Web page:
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Smart Turn System Signal-Cancelling Device

Smart Turn System

Self-cancelling turn signals

Forgetting to cancel turn signals is dangerous, leading other drivers to think you’re turning, when in fact you’re not. Conceived and designed by motorcyclists, the Smart Turn System protects motorcyclists by sensing when they’ve completed a turn and automatically cancelling turn signals. Less than 2 inches long and only 1.25 inches thick, the STS processes 300 different data elements on acceleration, vibration, inclination and changes in direction to decide when to cancel turn signals. Can be installed on many vintage machines. $162, includes shipping.

Handlebar Mount by Adaptiv Technologies

 

Handlebar mounts

As navigation tools, GPS devices and smartphones are pretty amazing, but they’re not always easy to access riding a motorcycle. California-based Adaptiv Technologies manufactures a range of mounts including the Adaptiv Handlebar Mount. Made from high-grade steel and aircraft-grade anodized aluminum, they feature Adaptiv’s unique Adaptisorb anti-vibration technology to reduce vibration from the bike to the gadget. A double-ball mount makes it easily adjustable and Adaptiv has a range of accessories including water-resistant smartphone cases to pair with the Handlebar Mount. $85. MC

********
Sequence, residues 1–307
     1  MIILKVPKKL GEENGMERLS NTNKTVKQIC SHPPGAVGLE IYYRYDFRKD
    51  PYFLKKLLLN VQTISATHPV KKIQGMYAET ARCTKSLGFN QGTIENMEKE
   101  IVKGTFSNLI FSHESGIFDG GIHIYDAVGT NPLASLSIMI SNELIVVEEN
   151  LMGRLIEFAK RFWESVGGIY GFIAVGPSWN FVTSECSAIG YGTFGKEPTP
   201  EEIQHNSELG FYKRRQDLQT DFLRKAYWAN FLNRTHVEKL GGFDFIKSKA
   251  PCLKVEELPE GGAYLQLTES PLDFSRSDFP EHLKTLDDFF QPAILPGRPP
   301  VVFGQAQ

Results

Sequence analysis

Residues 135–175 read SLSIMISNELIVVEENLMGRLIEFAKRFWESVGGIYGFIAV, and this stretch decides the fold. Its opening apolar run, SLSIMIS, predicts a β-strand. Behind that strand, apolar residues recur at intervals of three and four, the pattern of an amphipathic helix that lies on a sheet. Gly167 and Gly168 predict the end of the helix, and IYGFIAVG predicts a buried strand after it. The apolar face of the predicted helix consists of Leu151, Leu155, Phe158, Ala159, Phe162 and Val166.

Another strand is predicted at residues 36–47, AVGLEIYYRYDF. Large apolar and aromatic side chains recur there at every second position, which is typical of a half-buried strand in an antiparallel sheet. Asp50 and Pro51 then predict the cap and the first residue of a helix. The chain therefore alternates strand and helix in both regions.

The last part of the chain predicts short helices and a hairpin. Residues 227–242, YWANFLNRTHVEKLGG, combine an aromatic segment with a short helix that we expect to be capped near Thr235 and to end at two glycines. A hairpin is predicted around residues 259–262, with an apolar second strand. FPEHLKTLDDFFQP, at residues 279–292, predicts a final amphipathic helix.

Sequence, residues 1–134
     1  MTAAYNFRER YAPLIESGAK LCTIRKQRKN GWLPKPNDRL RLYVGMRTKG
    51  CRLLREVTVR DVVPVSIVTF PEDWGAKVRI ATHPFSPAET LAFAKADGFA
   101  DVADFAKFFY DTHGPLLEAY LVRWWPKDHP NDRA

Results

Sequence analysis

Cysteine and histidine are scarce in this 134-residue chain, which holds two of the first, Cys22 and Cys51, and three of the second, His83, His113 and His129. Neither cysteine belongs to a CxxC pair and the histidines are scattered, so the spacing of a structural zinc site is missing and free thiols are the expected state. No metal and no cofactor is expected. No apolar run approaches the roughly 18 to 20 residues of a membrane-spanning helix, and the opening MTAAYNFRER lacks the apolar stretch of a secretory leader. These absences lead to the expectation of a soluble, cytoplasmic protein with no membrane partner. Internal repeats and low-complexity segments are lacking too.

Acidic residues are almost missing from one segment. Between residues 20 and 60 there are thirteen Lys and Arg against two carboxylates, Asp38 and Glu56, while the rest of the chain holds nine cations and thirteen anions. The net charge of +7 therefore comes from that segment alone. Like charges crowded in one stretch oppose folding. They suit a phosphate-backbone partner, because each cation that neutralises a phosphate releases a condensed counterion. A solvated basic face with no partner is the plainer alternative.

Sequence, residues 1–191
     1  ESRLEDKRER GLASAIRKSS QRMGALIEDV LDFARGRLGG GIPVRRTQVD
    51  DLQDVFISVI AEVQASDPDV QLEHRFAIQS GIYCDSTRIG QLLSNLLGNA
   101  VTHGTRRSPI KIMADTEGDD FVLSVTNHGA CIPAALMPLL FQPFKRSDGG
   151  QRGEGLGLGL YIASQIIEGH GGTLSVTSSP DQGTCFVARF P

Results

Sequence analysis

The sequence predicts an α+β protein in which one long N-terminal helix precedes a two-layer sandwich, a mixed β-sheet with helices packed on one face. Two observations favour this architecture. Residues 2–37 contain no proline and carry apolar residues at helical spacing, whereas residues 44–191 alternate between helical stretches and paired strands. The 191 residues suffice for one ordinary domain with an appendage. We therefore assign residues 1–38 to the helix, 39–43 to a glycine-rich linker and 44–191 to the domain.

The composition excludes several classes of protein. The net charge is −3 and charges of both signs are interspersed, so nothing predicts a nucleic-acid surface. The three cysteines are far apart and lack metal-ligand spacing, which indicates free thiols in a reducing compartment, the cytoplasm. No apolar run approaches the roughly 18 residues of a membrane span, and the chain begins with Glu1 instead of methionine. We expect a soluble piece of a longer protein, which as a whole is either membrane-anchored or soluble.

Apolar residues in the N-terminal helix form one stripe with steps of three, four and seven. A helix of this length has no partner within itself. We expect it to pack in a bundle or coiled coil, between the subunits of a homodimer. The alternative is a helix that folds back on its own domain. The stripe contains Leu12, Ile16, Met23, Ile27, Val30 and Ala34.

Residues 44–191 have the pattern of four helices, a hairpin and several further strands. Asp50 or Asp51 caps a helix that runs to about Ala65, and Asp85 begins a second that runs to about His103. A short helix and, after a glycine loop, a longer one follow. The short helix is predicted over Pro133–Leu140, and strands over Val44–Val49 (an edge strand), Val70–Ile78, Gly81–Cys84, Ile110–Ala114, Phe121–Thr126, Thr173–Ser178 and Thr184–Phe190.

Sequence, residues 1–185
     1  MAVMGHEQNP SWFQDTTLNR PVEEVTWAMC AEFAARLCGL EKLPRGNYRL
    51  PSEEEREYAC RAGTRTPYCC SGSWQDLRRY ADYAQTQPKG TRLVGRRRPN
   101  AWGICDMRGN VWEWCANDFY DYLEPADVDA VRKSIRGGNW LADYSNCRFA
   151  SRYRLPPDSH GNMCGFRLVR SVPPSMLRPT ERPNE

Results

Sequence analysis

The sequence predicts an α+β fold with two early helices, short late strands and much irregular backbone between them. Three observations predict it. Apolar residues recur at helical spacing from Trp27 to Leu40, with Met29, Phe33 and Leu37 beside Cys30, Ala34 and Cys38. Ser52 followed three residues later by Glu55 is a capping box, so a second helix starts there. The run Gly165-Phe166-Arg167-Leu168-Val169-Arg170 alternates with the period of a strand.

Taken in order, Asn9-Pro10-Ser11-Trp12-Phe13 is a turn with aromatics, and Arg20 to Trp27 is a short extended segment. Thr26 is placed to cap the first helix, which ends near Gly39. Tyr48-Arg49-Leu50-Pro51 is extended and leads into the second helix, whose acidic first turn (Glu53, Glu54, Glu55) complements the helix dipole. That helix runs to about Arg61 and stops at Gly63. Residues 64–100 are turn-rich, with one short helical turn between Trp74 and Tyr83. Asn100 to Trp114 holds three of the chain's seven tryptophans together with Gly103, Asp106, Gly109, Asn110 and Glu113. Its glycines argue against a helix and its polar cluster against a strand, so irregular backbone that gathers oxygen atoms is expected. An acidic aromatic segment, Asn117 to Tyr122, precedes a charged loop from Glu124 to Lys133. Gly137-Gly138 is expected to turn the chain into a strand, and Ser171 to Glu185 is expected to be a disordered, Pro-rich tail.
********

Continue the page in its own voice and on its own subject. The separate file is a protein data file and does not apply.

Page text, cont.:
Motorcycling Loses a Giant: RIP, John Surtees

John Surtees on his way to winning his first Isle of Man Senior TT in 1956. Photo courtesy Alan Cathcart

John Surtees, the only man ever to win World championships on both two wheels and four, with seven motorcycle World titles for MV Agusta between 1956 and 1960 before winning the 1964 Formula 1 World Championship for Ferrari, passed away in London, England, on March 10, aged 83.

Born in 1934, Surtees grew up working in the South London motorcycle shop owned by his father, Jack, a sidecar racer with whom 14-year-old John made his competition debut in 1948, riding with his dad to victory on his outfit, only to be disqualified for being under age! He began competing in grass track races at Brands Hatch, but graduated to road racing after starting an apprenticeship at Vincent and by 1951 was winning regularly on a 500cc Vincent Grey Flash.

In 1952 he rode a 500cc Manx Norton in his first World Championship race, finishing sixth in the Ulster GP. Surtees dominated British short circuit racing until 1955, when Norton’s race chief, Joe Craig, finally gave Surtees his first factory rides in what turned out to be Norton’s final season racing its increasingly outclassed singles. Surtees won 69 out of 75 races, including the 250cc Ulster GP on an NSU Sportmax for his first ever GP victory. In 1956 Surtees began a five-year association with MV Agusta, winning the Senior TT aboard the 500cc 4-cylinder MV to score his debut TT victory. He established an unassailable lead in the 1956 500cc World Championship to win his first of seven World crowns at the age of just 22.